As if the changes in benefit-in-kind tax were not enough, the government is also levying ever increasing taxes on the fuel given by companies to drivers for personal use. As a result, it is becoming more cost-efficient for drivers to pay for their own petrol than to accept it free.
Persuading employees that it is to their advantage to give up perk fuel requires a high-level communication campaign that presents the figures clearly and simply (for full details see table, below). Employers should be part of this. Andrew Cope, managing director of Zenith Vehicle Contracts, says: “Drivers have to understand where break-even point is for private miles usage, so that if they are worse off, they can pressure their companies to opt out of fuel.”
Looking from the company point of view, Gerard Gorner, tax manager of Lex Vehicle Leasing, sees sense in waiting. “We are advising employers to hang fire, given that the intention is to continue to put up tax. In two years’ time break-even point will be so high that as many as 50% of drivers will be handing back their fuel cards of their own accord. If it costs a company #2,500pa per driver to provide fuel for an employee who drives 10,000 private miles, and the company buys out of fuel now, it could set them back #500 a head, saving #2,000,” he says. “If they wait, it could cost them nothing. But it is important to look at the profile of employees.”
The government threatened to penalise drivers for use of free private fuel after the Kyoto Summit in 1998. “The idea was to make the benefit less attractive, so that people would think twice about leaping into their car,” says Julie Stribling, head of sales for ARVAL PHH. “For a car with a 1.4-litre engine, tax has risen from #800 to #1,900 between tax years 1997-98 and 2001-02.”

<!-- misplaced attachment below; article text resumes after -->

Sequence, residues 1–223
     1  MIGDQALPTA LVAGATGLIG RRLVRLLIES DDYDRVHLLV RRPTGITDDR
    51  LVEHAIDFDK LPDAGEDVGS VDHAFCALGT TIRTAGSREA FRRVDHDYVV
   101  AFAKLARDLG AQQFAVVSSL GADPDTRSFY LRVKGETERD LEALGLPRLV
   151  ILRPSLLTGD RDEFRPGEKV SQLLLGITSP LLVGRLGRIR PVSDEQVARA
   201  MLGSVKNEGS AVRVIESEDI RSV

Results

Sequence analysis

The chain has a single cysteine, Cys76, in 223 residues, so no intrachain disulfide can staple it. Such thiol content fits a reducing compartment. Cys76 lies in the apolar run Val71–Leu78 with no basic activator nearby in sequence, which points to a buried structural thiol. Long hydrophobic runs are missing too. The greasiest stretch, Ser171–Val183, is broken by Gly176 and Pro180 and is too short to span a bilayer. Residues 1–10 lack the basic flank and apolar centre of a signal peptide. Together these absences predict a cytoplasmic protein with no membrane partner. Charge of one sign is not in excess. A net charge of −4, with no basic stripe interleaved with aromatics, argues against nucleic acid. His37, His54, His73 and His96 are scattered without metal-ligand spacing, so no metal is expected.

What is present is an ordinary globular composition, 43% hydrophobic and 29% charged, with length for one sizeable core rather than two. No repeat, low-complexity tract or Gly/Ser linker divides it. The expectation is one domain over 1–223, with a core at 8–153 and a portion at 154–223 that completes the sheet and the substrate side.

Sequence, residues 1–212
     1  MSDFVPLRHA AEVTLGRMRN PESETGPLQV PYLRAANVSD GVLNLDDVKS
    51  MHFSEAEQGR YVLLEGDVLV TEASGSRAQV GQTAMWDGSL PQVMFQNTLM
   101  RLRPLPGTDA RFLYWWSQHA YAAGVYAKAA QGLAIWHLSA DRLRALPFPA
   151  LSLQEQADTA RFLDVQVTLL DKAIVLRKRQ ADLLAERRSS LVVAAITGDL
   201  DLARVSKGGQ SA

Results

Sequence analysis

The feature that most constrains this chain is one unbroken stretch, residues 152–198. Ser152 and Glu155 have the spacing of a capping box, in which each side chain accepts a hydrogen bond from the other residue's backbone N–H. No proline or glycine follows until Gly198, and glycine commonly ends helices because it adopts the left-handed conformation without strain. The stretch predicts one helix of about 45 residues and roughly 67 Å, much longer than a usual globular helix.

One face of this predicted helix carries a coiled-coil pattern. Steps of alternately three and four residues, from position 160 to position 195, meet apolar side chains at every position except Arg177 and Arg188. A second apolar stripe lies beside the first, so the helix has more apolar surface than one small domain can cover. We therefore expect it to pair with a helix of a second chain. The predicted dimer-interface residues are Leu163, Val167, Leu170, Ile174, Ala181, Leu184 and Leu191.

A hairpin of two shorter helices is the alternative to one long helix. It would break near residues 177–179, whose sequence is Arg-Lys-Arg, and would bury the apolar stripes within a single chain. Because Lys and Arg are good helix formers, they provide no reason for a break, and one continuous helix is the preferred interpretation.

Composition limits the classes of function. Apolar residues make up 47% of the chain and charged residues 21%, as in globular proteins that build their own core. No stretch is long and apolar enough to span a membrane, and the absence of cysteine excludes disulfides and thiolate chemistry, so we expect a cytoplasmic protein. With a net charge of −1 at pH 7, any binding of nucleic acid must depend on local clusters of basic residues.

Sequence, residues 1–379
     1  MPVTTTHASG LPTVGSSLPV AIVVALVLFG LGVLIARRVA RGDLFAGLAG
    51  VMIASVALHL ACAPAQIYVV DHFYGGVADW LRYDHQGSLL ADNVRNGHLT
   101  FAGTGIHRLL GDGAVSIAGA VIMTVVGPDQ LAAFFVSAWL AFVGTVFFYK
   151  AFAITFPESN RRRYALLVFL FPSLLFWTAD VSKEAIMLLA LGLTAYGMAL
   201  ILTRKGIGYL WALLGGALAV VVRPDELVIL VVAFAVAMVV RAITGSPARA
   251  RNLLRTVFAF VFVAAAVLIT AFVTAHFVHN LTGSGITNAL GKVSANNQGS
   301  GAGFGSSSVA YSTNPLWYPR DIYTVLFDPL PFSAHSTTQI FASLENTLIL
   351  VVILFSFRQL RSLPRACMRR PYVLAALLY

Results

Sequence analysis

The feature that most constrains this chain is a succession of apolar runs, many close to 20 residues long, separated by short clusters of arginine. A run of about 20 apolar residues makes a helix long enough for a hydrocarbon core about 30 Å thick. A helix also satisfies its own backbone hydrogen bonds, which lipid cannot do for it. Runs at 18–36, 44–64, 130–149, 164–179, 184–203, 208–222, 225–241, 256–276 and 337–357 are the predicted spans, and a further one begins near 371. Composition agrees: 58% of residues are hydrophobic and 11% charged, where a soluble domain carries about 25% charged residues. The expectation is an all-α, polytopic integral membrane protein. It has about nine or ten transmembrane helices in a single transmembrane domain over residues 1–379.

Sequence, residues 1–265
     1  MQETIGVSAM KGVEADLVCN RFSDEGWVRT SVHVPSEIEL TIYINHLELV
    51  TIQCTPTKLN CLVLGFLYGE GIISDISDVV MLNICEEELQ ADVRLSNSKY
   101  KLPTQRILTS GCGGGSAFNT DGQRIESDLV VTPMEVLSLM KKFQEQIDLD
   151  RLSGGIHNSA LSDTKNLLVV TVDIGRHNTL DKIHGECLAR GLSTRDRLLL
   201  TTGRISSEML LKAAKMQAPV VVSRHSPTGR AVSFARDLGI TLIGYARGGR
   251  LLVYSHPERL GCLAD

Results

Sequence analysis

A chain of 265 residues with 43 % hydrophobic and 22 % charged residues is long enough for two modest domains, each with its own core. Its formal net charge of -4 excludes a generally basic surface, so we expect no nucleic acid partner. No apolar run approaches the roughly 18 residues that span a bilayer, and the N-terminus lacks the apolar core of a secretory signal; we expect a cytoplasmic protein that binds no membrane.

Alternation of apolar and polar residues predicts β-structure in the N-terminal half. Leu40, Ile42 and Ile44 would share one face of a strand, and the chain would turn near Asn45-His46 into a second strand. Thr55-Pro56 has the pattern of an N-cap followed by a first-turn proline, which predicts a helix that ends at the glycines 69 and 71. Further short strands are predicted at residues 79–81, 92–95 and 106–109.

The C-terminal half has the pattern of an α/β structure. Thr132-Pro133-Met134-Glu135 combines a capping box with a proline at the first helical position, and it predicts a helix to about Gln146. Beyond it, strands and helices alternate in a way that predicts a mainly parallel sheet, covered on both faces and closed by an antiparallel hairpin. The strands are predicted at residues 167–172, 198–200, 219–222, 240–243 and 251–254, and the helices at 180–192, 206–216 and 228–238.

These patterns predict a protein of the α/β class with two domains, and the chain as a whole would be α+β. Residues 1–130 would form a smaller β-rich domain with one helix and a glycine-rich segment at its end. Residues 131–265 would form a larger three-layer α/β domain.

The rising tax on free fuel doesn’t only hit drivers. Heavy VAT and Class 1A NIC charges hit companies, too. “We are recommending that corporations remove the benefit and give additional salary to compensate employees for taking away what is perceived as a benefit,” she says.
“Unfortunately, many companies have drawn a link between fuel cards and high taxes and see the problem as the fuel card, and not the fuel,” Stribling adds. “But it is easy to make the transition from a fully funded card to asking employees to reimburse the company for their private mileage via a business mileage log.”
ARVAL PHH runs a logging system that can be implemented by phone. Drivers ring the ARVAL centre, and key in their business miles and fuel card number.
Fuel spend is reported back automatically. It is then simple to marry up pence per mile driven and percentage of business miles to calculate the figure the driver owes the company. This can be deducted from the payroll.
Again, in addition to separating private and business mileage, companies can also direct drivers towards more environmentally friendly fuels, including low sulphur petrol, bio-diesel and road fuel gas. As prices go down, and duty is frozen (road fuel gas until 2004), refuelling infrastructure improves.
Velo advises: “The 2p per litre reduction on normal unleaded petrol is only in place until June 14. By this time, the Chancellor expects ultra-low sulphur petrol to be widely available. But lower running costs will only be maintained if drivers are educated in the correct choice between the two types of fuel.”
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